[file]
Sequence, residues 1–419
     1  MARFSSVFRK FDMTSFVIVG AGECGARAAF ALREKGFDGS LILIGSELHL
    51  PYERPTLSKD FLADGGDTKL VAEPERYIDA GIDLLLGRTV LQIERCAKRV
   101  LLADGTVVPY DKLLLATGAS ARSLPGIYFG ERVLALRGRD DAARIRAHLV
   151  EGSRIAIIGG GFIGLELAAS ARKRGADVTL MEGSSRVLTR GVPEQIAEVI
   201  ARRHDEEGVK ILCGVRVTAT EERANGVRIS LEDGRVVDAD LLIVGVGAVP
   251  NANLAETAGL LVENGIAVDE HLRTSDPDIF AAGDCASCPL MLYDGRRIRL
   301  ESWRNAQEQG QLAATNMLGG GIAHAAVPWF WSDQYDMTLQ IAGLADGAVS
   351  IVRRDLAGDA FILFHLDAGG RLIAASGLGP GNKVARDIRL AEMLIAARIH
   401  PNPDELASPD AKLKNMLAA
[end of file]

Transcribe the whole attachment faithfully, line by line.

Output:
Sequence, residues 1–419
     1  MARFSSVFRK FDMTSFVIVG AGECGARAAF ALREKGFDGS LILIGSELHL
    51  PYERPTLSKD FLADGGDTKL VAEPERYIDA GIDLLLGRTV LQIERCAKRV
   101  LLADGTVVPY DKLLLATGAS ARSLPGIYFG ERVLALRGRD DAARIRAHLV
   151  EGSRIAIIGG GFIGLELAAS ARKRGADVTL MEGSSRVLTR GVPEQIAEVI
   201  ARRHDEEGVK ILCGVRVTAT EERANGVRIS LEDGRVVDAD LLIVGVGAVP
   251  NANLAETAGL LVENGIAVDE HLRTSDPDIF AAGDCASCPL MLYDGRRIRL
   301  ESWRNAQEQG QLAATNMLGG GIAHAAVPWF WSDQYDMTLQ IAGLADGAVS
   351  IVRRDLAGDA FILFHLDAGG RLIAASGLGP GNKVARDIRL AEMLIAARIH
   401  PNPDELASPD AKLKNMLAA